Linked by Thom Holwerda on Wed 5th Aug 2009 19:35 UTC
BeOS & Derivatives The Haiku alpha release has always been a bit elusive. The project has been near the alpha release for a while now, but a number of difficult data-destructive bugs kept it at bay. After an informal coding sprint, the alpha is now just a decision away.
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RE[3]: OpenBeOS / Haiku
by stippi on Thu 6th Aug 2009 11:43 UTC in reply to "RE[2]: OpenBeOS / Haiku"
stippi
Member since:
2006-01-19

Haiku does still look similar, but a few month ago I gave the look a serious overhaul, since it looked very dated. I don't want anybody to have the impression they use something from the past, when Haiku is actually quite modernized in many aspects, compared to BeOS. Haiku is not a "retro"-OS. You may view it as such if you don't look closely, but that's not what we Haiku developers have in mind. :-) Unfortunately, it took us much longer to be where we are now, so the OS Haiku is reimplementing is really something from the past, but that doesn't mean Haiku itself is something from the past, since it's meant to be 100% compatible, not 100% the same.

Reply Parent Score: 7

RE[4]: OpenBeOS / Haiku
by emerson999 on Thu 6th Aug 2009 15:59 in reply to "RE[3]: OpenBeOS / Haiku"
emerson999 Member since:
2007-12-08

I was always somewhat under the impression that the point of the initial release was a retro operating system that would be used as a base for something more modern. Are the normal expected things of post 2000 OS going to be in the initial release now, multiuser stuff etc?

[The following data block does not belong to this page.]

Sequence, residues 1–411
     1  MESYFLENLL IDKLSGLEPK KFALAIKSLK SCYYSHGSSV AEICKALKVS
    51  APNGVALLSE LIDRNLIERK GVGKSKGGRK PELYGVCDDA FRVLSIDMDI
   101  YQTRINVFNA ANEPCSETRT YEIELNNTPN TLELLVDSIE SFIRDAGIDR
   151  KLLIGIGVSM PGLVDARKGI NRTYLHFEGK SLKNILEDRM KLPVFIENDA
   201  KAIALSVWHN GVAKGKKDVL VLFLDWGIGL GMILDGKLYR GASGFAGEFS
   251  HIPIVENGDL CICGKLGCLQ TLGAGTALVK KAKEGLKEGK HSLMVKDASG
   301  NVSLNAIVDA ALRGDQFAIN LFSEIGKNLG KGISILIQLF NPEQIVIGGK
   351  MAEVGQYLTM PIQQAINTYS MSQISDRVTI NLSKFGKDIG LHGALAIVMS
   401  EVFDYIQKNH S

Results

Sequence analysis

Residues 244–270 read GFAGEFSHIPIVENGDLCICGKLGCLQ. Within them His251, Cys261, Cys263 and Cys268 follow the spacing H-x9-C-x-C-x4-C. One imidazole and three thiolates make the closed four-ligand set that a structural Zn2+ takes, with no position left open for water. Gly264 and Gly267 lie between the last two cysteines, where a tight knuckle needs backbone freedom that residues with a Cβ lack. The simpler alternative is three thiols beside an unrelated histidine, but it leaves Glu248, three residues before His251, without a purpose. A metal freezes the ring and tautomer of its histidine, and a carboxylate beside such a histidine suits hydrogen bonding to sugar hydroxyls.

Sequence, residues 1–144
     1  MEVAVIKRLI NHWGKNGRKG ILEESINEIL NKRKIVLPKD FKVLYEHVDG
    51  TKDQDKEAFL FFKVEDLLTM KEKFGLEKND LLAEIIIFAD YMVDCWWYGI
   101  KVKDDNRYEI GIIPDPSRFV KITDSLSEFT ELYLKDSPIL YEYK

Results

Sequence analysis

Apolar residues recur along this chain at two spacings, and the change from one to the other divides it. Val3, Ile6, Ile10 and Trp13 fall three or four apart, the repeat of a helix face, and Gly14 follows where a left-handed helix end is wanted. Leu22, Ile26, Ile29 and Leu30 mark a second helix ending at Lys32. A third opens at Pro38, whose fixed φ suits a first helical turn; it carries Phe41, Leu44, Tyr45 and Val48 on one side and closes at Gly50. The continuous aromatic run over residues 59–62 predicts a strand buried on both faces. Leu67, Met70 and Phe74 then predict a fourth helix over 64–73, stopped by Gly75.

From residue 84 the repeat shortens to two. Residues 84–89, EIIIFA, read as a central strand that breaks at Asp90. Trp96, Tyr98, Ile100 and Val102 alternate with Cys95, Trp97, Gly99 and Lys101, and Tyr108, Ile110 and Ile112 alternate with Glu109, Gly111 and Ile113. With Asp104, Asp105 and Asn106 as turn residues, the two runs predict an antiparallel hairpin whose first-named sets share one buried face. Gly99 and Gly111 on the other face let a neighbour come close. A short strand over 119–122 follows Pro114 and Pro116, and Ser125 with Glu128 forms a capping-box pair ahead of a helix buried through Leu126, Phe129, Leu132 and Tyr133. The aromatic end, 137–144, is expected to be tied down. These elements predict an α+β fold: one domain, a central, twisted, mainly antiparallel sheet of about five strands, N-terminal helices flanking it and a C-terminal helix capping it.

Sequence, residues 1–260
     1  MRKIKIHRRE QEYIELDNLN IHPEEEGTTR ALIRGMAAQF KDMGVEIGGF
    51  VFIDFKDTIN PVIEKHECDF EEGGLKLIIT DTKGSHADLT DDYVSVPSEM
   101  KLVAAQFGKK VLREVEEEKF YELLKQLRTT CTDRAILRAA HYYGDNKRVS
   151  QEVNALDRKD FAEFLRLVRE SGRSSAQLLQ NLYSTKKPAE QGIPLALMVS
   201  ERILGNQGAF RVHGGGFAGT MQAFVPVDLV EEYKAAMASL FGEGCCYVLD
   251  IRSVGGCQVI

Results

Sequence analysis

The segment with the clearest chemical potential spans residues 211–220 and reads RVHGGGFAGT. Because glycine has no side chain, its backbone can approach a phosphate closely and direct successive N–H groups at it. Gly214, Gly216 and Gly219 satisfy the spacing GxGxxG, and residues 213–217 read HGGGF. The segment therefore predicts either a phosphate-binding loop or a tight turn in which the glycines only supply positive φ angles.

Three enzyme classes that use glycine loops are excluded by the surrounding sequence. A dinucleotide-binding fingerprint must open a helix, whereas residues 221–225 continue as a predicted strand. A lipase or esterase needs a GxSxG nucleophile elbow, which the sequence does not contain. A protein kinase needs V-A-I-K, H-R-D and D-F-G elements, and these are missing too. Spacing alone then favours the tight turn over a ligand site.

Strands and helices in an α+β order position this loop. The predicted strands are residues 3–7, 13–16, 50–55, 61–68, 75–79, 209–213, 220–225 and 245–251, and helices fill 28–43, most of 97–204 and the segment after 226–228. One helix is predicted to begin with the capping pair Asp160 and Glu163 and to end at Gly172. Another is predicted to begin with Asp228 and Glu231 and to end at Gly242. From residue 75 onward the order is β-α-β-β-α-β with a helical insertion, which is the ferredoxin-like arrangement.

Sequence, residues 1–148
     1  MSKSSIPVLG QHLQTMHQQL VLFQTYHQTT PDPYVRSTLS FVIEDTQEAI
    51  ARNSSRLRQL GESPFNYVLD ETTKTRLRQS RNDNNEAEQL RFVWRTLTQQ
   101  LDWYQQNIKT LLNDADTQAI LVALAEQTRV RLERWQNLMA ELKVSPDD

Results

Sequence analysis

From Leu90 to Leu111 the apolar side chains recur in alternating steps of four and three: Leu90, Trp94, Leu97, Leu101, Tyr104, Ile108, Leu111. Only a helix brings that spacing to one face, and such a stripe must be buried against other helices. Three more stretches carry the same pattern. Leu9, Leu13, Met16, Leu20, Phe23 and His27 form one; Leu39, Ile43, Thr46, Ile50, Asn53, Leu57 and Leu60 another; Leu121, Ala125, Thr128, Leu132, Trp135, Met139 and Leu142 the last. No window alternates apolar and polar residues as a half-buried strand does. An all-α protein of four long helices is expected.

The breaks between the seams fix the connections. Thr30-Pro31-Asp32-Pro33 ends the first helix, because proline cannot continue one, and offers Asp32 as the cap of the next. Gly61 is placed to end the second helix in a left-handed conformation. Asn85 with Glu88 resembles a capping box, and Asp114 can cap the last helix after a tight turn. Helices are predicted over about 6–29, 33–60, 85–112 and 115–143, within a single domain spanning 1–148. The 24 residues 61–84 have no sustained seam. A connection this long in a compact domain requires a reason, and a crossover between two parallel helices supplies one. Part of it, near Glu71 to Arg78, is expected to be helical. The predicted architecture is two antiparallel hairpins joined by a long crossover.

Reply Parent Score: 1

RE[5]: OpenBeOS / Haiku
by stippi on Fri 7th Aug 2009 22:12 in reply to "RE[4]: OpenBeOS / Haiku"
stippi Member since:
2006-01-19

Full multi-user support is unfortunately not one of the things that will be in Haiku R1, since that will break a lot of stuff. We created new technical foundations where we couldn't bear with how it worked in BeOS, but could still stay compatible (which is an important concern for our first release), for example interface layout management, new icon engine, automatic screen detection, and many more things in the details. But overall, it has helped the project a lot to stay focussed, that we could always say Haiku R1 targets the features of BeOS R5 only, whenever a discussion would otherwise go out of hand. There had been other project to recreate BeOS, which seemed to have a great head start when they would build on the Linux kernel for example. But somehow, those project never gained the necessary momentum to follow through. So it seems that the Haiku founders (I only came to the project at a later time), set things up quite well.

Reply Parent Score: 2